'Spose that's a possibility but I've had many cases where I've busted my balls getting lug nuts off that some gorilla put on and have never had any problems as a result of using lubricant on the studs. Maybe I'm just lucky but it's been 27 years of owning/driving cars and trucks of all sorts and it's always worked for me.
 

·
Registered
Joined
·
791 Posts
You should never change sides with a radial tire.

It is not just a directional thing. Radial belting tends to "lay" differently after the tire has been used. Switching them to the other side of the car makes them more prone to belt seperation.

Leave the spare in the trunk until you need it.
 

·
Registered
Joined
·
791 Posts
Sturge said:


'Spose that's a possibility but I've had many cases where I've busted my balls getting lug nuts off that some gorilla put on and have never had any problems as a result of using lubricant on the studs. Maybe I'm just lucky but it's been 27 years of owning/driving cars and trucks of all sorts and it's always worked for me.
I agree and disagree. I don't think it's the lubricant. I think it's just the gorilla with an air wrench set on 100ft/lbs. I've never used any lube or anti-seize and my lugs have always come off with ease (I've broken one in 20 years, but someone else put it on). I worked in a tire shop for awhile and I noticed that guys would turn up the torque to get tough nuts off, then forget to turn it back down.

As for as the tension issue, Torque is Torque. The bolt tension is directly proportional to the torque of the nut so regardless of what you put on the bolt, if you torque the nut to X ft/lbs then the Bolt tension will be the same. The lube just helps overcome imperfections in the stud and nut so the nut goes on easier and probably further. The hazard is that the "Lube" could evaporate (WD-40) or just seep out over time which means it is unreliable.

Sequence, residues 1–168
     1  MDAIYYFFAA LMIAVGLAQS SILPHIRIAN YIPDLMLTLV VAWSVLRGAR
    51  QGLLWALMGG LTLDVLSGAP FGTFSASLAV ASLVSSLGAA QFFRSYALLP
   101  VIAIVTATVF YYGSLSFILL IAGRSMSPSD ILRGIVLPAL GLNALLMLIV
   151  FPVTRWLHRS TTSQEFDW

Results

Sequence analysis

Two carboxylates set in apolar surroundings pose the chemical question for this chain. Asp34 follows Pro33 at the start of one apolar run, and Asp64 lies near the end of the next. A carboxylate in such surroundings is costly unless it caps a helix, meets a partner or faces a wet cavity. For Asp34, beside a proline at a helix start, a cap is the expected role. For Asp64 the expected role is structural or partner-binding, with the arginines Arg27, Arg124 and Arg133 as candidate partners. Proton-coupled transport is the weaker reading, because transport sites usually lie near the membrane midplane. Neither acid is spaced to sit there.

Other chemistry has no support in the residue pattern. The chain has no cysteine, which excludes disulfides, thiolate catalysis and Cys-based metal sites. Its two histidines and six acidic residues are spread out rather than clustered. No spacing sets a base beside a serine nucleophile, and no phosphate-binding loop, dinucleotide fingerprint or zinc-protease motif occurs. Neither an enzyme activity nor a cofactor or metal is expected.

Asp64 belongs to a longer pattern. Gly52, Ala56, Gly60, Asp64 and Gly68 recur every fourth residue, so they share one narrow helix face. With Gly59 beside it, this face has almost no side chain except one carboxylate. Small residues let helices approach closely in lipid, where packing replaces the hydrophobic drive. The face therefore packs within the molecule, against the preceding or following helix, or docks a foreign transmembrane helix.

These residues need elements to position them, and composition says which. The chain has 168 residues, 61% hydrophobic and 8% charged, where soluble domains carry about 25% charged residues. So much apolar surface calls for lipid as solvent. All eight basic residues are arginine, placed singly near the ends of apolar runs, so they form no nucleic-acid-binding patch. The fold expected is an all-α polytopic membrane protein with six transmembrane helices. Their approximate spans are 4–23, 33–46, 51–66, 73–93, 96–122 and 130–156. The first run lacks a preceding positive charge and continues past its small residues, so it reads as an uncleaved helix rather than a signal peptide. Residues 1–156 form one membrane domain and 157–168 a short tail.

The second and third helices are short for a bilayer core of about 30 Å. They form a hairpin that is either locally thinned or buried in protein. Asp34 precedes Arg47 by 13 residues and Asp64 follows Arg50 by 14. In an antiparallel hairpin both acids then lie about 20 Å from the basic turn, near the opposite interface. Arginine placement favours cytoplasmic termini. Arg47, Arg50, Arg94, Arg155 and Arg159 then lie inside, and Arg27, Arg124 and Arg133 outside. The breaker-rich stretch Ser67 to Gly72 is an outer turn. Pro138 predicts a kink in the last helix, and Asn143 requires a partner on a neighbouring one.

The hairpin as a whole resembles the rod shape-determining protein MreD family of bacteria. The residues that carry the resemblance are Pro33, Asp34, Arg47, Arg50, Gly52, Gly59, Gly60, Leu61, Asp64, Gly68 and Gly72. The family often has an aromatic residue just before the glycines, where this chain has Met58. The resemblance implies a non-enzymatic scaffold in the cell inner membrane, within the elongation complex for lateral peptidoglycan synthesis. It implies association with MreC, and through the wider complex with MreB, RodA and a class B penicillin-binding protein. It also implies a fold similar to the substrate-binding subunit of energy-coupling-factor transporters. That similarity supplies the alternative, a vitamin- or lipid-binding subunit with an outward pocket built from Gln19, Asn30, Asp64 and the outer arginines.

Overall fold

·
Registered
Joined
·
791 Posts
Age has alot to do with it too. Old stuff oxidizes and locks in place.
 

·
Registered
Joined
·
2,177 Posts
I like wire2's idea of using the spare in the rotation. Unfortunately for me my spare is a steel rim, only have 4 aluminums.
I do change direction of radials. Rears to front, same side and front to rear, opposite side.
I never put lube on the studs but some rims need something like antiseize to keep the centering hub from freezing up to the rim.
Torque the nuts to 90 ft/lbs and you will never have problems.
 

·
Registered
Joined
·
208 Posts
i would rotate mine, but i cant get the damn lug nuts off, i twisted my lug wrench (4 way) trying to get them off, so..im going to have to get those air wrenched or something, but not before
wd-40, most improtant things to have in your car other than oil and gas are Silicone, WD-40, and a spare key
 

·
Registered
Joined
·
429 Posts
Your front tires bear more weight, withstand greater frictional forces during cornering, and the front right tire also pushes the car. That's considerably more work then the rear tires have to do, free-wheeling with minimal weight. You should rotate the tires every 6k miles or so and it is normal for the front tires to wear much more quickly.

Also note that If your front end is badly out of alignment, you can destroy a front set of tires in less the 1k miles. Front wheel drive cars don't usually get knocked out of alignment that easy though.
 

·
Registered
Joined
·
752 Posts
Tire rotation pattern. When radial tires first came out, they recommended not switching sides. that has all changed. see your owners manual Where you find:

(on a front wheel drive)
Move the fronts straight back
Criss-cross the rears as you move them to the front.

RWD is just the opposite: rears go sraight to the front, X the fronts as you move them back.

The quick trick to remember is always move the driven tires straight back or forward. It gives the belts a chance to relax after the stress of driving the car.
 

·
Registered
Joined
·
791 Posts
Tempest said:
i would rotate mine, but i cant get the damn lug nuts off, i twisted my lug wrench (4 way) trying to get them off, so..im going to have to get those air wrenched or something, but not before
wd-40, most improtant things to have in your car other than oil and gas are Silicone, WD-40, and a spare key
If that doesn't work, get a breaker bar or a heavy duty lug wrench and you should be able to snap the stud off. They will bang out with a hammer, but set the rotor on some wood so you don't beat the backside of it up.

Putting new studs in is easy. Put the rotor on the rim, slide the new stud through the back, then tighten it down to the proper torque.
 
1 - 19 of 19 Posts
Top